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A region 2 DVD review of THE JACKET by Lord Summerisle

John Maybury's first feature film, Love is the Devil (1998), was an arresting portrait of artist Francis Bacon, seen through the eyes of an avant-garde filmmaker dipping his toes into more mainstream waters. It was a very British affair, with more than a hint of influence from Maybury's mentor, Derek Jarman. The Jacket (2005) has several differences apparent from the off. It is Maybury's first American studio picture, with a budget and corporate constraints to match. There is less of a feeling of auteurship in this movie because of this. The writing process was a formal one that Maybury had little involvement in and all indications point ironically to an altogether more straightjacketed production. None of this is to say Maybury has completely shunned his avant-garde roots. There are many devices used within the movie lifted from the experimental fringe of cinema Maybury hails from. Not to mention the plot itself is not a typical Hollywood narrative, and there is a definite indie sensibility behind the studio ramifications.

Jack Starks (Adrien Brody) is shot in the head on the front line of the first Gulf War, yet survives. After a period of recuperation and being decorated as a brave soldier he is discharged and makes his way home. Here he helps a young woman and her daughter to restart their car before hitching a lift from a stranger. The stranger shoots a policeman who stops them and makes a run for it. In the confusion Starks is charged with the murder and presuming his head injury is the cause is omitted to a mental institution. At the hospital Starks is exposed to experimental treatment by Dr. Becker (Kris Kristofferson) involving being put in a straightjacket, drugged, and shut in a morgue draw for short periods of time. It is here Starks experiences time travel, being propelled fifteen years into the future, and learns of his imminent murder in the present, leading to a race against time to try and stop his fate, with the help of a young woman named Jackie (Keira Knightley).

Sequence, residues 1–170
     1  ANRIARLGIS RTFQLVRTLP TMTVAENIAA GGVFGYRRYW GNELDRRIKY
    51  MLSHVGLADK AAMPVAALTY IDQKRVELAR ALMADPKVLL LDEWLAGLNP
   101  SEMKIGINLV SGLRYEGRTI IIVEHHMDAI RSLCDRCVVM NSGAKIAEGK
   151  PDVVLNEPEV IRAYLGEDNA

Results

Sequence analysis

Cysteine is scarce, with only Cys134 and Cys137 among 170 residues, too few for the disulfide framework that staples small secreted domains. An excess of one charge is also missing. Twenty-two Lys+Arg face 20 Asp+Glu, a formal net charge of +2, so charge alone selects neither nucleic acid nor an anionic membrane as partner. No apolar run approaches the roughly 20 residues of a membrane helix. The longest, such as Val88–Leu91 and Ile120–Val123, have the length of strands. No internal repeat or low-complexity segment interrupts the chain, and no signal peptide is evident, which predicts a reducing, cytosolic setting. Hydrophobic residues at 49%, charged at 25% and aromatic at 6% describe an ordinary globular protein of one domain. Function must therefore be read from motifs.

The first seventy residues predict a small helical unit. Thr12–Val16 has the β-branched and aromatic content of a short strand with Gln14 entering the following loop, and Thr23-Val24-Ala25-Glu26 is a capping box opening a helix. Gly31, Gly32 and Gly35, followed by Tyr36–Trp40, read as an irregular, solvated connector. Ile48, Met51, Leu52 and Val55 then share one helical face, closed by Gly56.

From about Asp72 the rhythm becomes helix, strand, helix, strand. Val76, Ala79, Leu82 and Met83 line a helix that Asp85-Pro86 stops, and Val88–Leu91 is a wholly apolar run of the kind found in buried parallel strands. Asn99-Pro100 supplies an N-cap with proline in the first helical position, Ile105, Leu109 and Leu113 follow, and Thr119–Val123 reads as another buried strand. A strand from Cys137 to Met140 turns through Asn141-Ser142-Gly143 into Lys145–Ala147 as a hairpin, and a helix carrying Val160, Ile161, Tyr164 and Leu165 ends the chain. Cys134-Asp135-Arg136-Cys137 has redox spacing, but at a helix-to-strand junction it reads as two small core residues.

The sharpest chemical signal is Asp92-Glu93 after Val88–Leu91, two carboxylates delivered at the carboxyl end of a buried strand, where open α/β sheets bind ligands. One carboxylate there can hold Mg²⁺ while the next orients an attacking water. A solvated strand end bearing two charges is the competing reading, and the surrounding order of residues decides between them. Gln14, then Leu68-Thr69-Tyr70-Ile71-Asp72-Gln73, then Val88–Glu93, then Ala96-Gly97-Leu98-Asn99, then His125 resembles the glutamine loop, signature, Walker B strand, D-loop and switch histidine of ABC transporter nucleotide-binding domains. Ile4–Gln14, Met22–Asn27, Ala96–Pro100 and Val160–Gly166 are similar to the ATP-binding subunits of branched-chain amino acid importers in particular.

It is clear from the unconventional editing style apparent in the opening sequence that this will not be your average Hollywood picture. A montage of abstract nature cobbles together the relevant backstory and gives you an indication into the fragmentary nature of Starks' mind. With documentary and news footage intercut with the fictional narrative, the first part of this sequence, given the subject matter, put me in mind of Sam Peckinpah's classic opening montage in Cross of Iron (1976). There is also something a little Kubrick-esque about this first sequence, and indeed the whole film. Maybe it's the themes laid out; war, control, manipulation, the questioning of morality – the two main films I have in mind are Full Metal Jacket (1987) and A Clockwork Orange (1971). But there is also a masterful artistry to it all that also favours a Kubrick comparison. The voiceover kicks in and the scene is set within minutes. The political climate is highlighted, Starks' injury is shown, he is denoted as a good soldier and ethical man, and we are ready to follow this character already. This is what good characterisation should be like, and it's all in the editing; quick, snappy, intelligent, and to the point. I just hope the studio honcho's over seeing this production have taken notice!